A look at the ever-changing world of Vegas poker

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When it comes to Las Vegas, nothing seems to stay in place. Whether it’s a restaurant you want to try or a casino you want to visit, everything may be gone when you get there. This same ever-changing mentality of Las Vegas is true not only in the casinos, but in the poker rooms, especially when it comes to personnel.

A recent flurry of management changes have swept the Las Vegas poker world, with some long-term veterans leaving, giving opportunities to many others from the industry. For many years, Donna Harris ran the poker room at Mirage. Once she left the Mirage a few years back, she went on to run the Wynn poker room, replacing the original opener of the Wynn, Deborah Giardina. Recently, Joe Vigurs took over the helm at the Wynn.

The Palms poker room has gone through more changes than any other room recently, having been taken over by Cantor Gaming and moved to the race and sports book (also run by Cantor). Long-term poker veteran Bobby Griffiths is running the new room and staff after taking over the short-term opening manager Brad Thomte, who had just left Binion’s to run the Palms.

Christina Sharkady, a wonderful former World Series of Poker dealer and cardroom manager, decided to leave the Riviera and accept a floor position at Hard Rock under the direction of James Klotsky.

A favorite small room of many, the Treasure Island poker room, saw Troy Horning step down as manager and leave the industry to spend time with his family. Former TI dealer and supervisor Kurt Browning replaced Horning, earning the promotion after several years with TI.

One poker room that’s susceptible to constant change is at Tropicana. Just recently reopening last year with Wally Wormer at the helm, the room has seen significant changes over time. Womer was replaced by Nick Gullo, who was replaced by Eldon Brown. After opening the room, Wormer decided to return to Aliante Station, where he had come from before accepting the Tropicana’s position. Gullo is a Las Vegas veteran, and at one time ran the poker room at the Aladdin (now Planet Hollywood). He left Tropicana and continues to enjoy his semi-retirement. He came back out of retirement to work the floor in the satellite area of the World Series of Poker at the Rio this summer.

Along with the management changes all across town, some small rooms are seeing changes, too. Three rooms have closed. The poker room at Tuscany closed a few months ago after recently reopening. Also, the Silverton decided to close its room, leaving M Resort and South Point to capture the market on the south side of Las Vegas.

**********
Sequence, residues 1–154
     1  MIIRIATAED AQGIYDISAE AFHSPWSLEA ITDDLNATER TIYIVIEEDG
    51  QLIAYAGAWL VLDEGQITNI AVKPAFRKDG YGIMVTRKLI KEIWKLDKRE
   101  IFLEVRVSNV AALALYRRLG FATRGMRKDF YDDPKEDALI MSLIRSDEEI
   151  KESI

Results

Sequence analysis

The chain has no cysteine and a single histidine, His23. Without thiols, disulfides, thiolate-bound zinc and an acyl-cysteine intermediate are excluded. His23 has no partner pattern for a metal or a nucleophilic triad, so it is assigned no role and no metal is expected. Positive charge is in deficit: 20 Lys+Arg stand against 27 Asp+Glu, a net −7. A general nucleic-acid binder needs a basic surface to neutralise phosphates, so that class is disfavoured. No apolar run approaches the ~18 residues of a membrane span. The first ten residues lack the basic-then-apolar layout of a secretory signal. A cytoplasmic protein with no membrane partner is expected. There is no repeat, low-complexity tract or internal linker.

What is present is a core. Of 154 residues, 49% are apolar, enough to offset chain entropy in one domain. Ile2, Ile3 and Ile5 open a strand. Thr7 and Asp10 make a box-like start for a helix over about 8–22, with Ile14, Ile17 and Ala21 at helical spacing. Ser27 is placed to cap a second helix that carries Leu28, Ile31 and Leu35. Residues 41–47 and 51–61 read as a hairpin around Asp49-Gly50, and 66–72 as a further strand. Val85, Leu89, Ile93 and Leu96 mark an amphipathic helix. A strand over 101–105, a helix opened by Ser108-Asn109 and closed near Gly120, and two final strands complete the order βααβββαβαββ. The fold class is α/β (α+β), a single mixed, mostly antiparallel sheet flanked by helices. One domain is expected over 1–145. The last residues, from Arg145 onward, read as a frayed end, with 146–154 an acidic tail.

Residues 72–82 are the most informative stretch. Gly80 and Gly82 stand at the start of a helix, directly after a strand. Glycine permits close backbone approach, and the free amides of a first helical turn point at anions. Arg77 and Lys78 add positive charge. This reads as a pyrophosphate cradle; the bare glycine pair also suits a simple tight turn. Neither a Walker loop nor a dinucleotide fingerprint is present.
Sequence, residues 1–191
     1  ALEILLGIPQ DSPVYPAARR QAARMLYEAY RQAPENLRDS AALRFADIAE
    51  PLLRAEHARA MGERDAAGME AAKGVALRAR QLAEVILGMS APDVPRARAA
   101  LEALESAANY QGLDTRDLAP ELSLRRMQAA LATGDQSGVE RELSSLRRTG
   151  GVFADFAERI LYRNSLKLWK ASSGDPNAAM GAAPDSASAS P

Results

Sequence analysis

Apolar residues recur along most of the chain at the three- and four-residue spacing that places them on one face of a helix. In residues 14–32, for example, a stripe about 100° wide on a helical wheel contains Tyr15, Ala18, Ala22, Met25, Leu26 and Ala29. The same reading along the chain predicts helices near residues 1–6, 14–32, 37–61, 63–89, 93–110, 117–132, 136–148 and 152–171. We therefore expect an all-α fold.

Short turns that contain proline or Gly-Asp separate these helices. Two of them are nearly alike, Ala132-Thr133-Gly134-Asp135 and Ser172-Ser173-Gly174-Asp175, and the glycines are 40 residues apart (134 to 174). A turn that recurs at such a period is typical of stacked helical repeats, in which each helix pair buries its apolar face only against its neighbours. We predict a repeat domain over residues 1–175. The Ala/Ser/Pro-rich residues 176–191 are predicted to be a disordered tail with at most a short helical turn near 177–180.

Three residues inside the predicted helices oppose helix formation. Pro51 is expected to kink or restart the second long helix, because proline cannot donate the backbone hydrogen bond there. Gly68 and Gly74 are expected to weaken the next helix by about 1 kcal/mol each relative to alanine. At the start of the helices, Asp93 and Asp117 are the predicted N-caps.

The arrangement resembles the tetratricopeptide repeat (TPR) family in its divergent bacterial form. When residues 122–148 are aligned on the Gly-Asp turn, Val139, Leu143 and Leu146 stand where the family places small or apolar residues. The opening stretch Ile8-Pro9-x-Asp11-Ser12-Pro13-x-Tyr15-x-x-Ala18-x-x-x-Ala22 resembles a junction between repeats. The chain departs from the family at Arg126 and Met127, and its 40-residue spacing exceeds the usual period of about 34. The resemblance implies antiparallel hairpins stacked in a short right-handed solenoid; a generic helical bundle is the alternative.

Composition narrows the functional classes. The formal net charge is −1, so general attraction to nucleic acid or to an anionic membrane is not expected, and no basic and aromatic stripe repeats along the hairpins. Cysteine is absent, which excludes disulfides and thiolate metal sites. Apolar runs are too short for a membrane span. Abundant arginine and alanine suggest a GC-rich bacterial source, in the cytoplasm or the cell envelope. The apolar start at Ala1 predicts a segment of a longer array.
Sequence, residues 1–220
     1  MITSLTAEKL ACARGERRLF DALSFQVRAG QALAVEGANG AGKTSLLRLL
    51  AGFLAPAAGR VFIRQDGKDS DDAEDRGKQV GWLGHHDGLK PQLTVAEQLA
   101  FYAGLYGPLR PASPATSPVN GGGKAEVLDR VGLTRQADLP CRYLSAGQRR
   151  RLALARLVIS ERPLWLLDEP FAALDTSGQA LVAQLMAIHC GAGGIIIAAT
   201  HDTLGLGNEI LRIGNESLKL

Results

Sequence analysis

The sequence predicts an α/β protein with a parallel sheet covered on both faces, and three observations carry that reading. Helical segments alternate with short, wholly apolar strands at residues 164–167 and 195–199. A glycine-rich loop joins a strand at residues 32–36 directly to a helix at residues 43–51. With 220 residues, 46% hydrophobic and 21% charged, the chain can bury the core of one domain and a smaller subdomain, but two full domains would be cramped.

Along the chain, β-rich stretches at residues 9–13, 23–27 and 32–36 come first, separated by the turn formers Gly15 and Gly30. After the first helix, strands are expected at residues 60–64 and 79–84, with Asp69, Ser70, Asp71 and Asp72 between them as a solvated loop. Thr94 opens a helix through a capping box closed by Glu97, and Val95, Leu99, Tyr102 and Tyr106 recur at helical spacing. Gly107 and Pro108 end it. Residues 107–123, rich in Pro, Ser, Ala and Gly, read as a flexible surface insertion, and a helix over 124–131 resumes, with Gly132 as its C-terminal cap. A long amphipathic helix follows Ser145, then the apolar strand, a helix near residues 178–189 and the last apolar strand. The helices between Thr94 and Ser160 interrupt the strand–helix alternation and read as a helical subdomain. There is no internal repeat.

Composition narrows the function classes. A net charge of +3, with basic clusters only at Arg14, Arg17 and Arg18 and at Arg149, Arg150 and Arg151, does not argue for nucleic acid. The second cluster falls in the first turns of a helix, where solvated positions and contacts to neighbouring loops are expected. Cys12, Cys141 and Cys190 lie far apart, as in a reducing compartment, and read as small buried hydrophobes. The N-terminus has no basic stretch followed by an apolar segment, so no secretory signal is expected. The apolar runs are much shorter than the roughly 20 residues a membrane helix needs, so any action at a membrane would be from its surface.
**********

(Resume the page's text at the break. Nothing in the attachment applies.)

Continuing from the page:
O’Sheas poker room said its tearful goodbye recently, with the staff relocated to other Caesars Entertainment properties. The entire O’Sheas casino was shut down and has since been gutted so Caesars can move forward with Project Linx, a new retail and entertainment complex at the center of the Strip. The Imperial Palace has been strongly affected by this remodeling, and the poker room has moved upstairs, in the former karaoke lounge area, near Burger Palace. The IP poker room continues to offer a popular mixed game every Sunday night at 7 (started in 2008 by me).

Though some rooms have closed, a new room has opened. On July 1, Ellis Island, a popular and tiny locals casino on Koval Lane (east of the Strip), opened a two-table poker room within the area of its sports book. This casino is perhaps best known for its steak special and operating an in-house microbrewery.

Probably the most exciting change to the Las Vegas poker world, however, has been the high increase in game variety. Not more than one year ago, a player would be hard-pressed to find more than the $3-$6 mix at Imperial Palace and the $40-$80 mixed at Bellagio if they desired something other than continuous NLHE. In the past year, mixed games and other non-hold’em games are being seen consistently spread at many places throughout Las Vegas.

Pot-limit Omaha is a daily offering on the Strip, which was unheard of not more than a few years ago. It’s most often found at Aria and Venetian, with daily games running nearly 24-7. Of course, we all know Orleans is the most consistent $4-$8 Omaha/8 game in town, but now the Venetian gets it every day, all day, and has been for quite some time.

Limit Omaha used to be the exclusive game of Boulder Station, but now South Point and the M Resort are getting the game daily, often with a good-sized waiting list. Low-limit mixed games are seemingly becoming all the rage, as Aria, MGM Grand and even Bellagio have been seen spreading mixed games in the $4-$8 and $6-$12 variety.

With the constant changes that the city of Las Vegas provides to everyone, it’s certainly no surprise the poker scene changes along with it. Next time you’re in Las Vegas enjoying a poker room or dining in a favorite restaurant, make sure you take a picture, as it may last longer.

— Michael Hamai (a.k.a LasVegasMichael) resides in Las Vegas and is editor of AllVegasPoker.com. You can follow him on Twitter @LasVegasMichael or email him at Michael@AllVegasPoker.com.